Every now and then a Dalek opens up and reveals its inner Dalek, a gross, congealed mess of effects, and I shake my head. I don’t like to think of my beloved Daleks as so ugly. I like the black casing of Dalek Sec, before he merged with a human and wore spats and a zoot suit. No, I like my Daleks like I like my cats: cute and cuddly and bent on domination of the universe.

The first Dalek I ever saw was trapped in a sort of disturbed museum, and the whole thing reminded me of that episode of Star Trek: The Next Generation entitled “The Most Toys,” in which Data is abducted by a fervent collector. Anyway, Rose touched the Dalek and it gained consciousness and then it died. All the Daleks I’ve seen die have either been by each other or Rose. You know, I don’t think I’ve seen the Doctor specifically kill a Dalek, now that I think about it. He shows them compassion.

Think about that: Compassion for the most dangerous entity in the universe, compassion that leads to the survival of a species of creatures that would rather be alone in the universe than come to terms with their own emotions, creatures that consistently and fervently try to kill the Doctor and everyone else.

Maybe the Doctor sees them the same way I do: too cute to live without.

Shortness Sweetness

I always fancied myself un enfant terrible, albeit un who grappled with the expectation that he must fit in. Perhaps the surest path to being avant-garde is through uniqueness masquerading as conformity.

I had a teacher once who could not pronounce foreign words with any kind of accuracy. Adagio became “A-duh-joe.” Hearing it made me feel anything but at ease. I dared not correct her. Nothing angered her more than having her errors pointed out to her, with an audience of students no less. She was in charge of the spelling competition. I couldn’t accurately spell the words because I couldn’t understand what she was saying. It was my first taste of my shortcoming masquerading as unfairness. I learned to adapt after that.

Or “A-duh-put,” as it were.


Do you know where you’ll be when you die? Will other people be there? Will you wish you were alone? Will you be able to say your last words? Will someone hear them? Will you choose your words carefully? Will they be by what people remember you? Will people remember you? Will anyone you dislike show up to your funeral?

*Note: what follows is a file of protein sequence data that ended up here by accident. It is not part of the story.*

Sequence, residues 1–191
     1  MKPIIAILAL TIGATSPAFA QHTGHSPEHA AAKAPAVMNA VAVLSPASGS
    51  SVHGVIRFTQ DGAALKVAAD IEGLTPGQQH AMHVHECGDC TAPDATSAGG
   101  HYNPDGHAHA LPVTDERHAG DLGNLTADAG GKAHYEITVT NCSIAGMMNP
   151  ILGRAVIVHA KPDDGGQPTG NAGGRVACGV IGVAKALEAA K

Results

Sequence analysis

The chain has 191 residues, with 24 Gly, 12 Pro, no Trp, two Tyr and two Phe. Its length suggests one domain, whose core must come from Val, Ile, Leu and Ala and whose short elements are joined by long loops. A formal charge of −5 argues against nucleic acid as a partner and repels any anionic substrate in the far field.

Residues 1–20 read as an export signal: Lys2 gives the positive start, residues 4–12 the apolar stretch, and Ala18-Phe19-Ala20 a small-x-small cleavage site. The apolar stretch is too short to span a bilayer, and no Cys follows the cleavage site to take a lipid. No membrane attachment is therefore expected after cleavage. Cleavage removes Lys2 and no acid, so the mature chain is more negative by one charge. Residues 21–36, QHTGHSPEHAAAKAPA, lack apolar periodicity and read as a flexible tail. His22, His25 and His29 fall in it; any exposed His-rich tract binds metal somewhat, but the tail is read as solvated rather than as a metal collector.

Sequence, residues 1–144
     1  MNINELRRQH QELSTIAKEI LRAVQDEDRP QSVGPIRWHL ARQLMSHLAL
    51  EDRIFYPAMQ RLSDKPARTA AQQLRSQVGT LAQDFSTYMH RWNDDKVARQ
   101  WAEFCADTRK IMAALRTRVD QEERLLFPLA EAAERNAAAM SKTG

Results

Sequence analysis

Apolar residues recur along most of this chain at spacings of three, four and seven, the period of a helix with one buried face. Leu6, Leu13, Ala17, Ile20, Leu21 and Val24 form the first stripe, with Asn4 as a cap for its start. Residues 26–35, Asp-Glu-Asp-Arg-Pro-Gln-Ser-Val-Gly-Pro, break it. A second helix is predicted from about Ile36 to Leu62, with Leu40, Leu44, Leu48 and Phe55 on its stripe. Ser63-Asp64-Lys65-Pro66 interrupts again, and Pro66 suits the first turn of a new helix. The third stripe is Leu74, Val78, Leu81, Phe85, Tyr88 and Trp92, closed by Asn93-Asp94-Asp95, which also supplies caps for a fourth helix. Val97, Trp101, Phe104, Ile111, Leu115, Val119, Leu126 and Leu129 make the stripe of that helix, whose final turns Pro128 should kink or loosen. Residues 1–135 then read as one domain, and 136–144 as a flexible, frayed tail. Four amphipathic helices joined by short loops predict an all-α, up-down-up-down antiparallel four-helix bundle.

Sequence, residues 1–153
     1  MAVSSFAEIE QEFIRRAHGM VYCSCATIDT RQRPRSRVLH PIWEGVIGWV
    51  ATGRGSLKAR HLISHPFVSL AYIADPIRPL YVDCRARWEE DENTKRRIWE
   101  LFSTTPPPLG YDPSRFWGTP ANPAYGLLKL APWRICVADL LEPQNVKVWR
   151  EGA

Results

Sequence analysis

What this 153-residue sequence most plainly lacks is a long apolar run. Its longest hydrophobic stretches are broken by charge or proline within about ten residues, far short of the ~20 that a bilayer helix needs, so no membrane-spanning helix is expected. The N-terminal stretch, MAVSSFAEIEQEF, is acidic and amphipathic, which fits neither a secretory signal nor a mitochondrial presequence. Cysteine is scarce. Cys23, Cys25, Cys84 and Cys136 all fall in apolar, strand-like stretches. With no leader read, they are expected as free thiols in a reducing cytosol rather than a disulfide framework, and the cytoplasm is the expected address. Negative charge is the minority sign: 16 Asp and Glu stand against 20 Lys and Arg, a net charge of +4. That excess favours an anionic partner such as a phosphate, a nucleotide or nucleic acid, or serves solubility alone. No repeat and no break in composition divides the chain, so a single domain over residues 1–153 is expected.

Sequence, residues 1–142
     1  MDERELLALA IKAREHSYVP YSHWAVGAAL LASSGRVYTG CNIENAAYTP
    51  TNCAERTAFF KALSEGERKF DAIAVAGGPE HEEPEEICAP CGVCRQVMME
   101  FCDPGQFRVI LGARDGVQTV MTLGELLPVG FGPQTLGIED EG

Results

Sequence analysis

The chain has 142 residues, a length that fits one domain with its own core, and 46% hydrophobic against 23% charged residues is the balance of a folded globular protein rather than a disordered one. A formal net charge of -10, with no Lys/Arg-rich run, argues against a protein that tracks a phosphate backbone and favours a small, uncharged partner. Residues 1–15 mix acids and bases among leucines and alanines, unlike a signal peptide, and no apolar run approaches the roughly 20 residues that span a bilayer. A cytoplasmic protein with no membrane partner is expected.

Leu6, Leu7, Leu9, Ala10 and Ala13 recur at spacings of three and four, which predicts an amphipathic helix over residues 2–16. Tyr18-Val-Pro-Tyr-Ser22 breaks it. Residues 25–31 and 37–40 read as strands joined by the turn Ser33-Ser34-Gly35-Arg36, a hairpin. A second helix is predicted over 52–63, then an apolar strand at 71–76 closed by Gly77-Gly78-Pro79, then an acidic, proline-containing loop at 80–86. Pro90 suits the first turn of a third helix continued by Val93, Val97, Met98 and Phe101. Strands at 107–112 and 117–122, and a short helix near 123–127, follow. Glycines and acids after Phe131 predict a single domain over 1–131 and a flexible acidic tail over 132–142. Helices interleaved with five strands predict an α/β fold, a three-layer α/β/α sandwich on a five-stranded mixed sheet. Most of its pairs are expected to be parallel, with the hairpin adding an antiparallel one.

Do you think other people wonder when they’ll die? Will other people be there when other people die?

Will you miss life?

Will life miss you?

that’s my good boy

Hiro is my dog. He is a chocolate Labrador Retriever. I love him more than life itself.

The origin of Hiro’s name, the story, goes like this: we were on our way to my brother’s house to watch “Heroes” when we stopped at the Lab breeder and found our dog. There was a character on that show named “Hiro.” And further to that, Zoe was reading Snow Crash at the time and was totally in love with Hiro Protagonist, the main character in that book. It all came together. My dog’s name is Hiro.

Anybody who is a dog owner knows how awesome dogs are. Anyone who knows a dog owner knows how crazy we are about our dogs. But you see, my dog is special. He’s not like other dogs. Hiro, well, Hiro understands me. Hiro knows what I’m feeling and how to make me feel better when I’m sad. Hiro knows how to make me feel like someone really understands what I think and feel.

“Pish posh,” you say. “My dog does the same thing. All dogs wag their tails when their owners are excited.”

Sure, sure, that’s true. And your dog is awesome too. I love other people’s dogs. But the thing is, I’ve spent my whole life feeling completely and utterly alone on this planet, and Hiro is the only other living thing that seems to be in tune with what churns inside me. Other people try, and I love them for it; in fact, I don’t want them to stop trying. But Hiro, well, Hiro just fucking gets me.

Sometimes I like to think that Hiro was sent here with me in my spaceship, and we got separated after the crash. And just by chance, we found each other, and now he brings peace to my turmoil.

Or he’s just a dog. I don’t really care. As long as he loves me and snuggles me and looks at me with that Lab face when I look at him, I can accept what he is. And maybe, just maybe, I can accept myself too.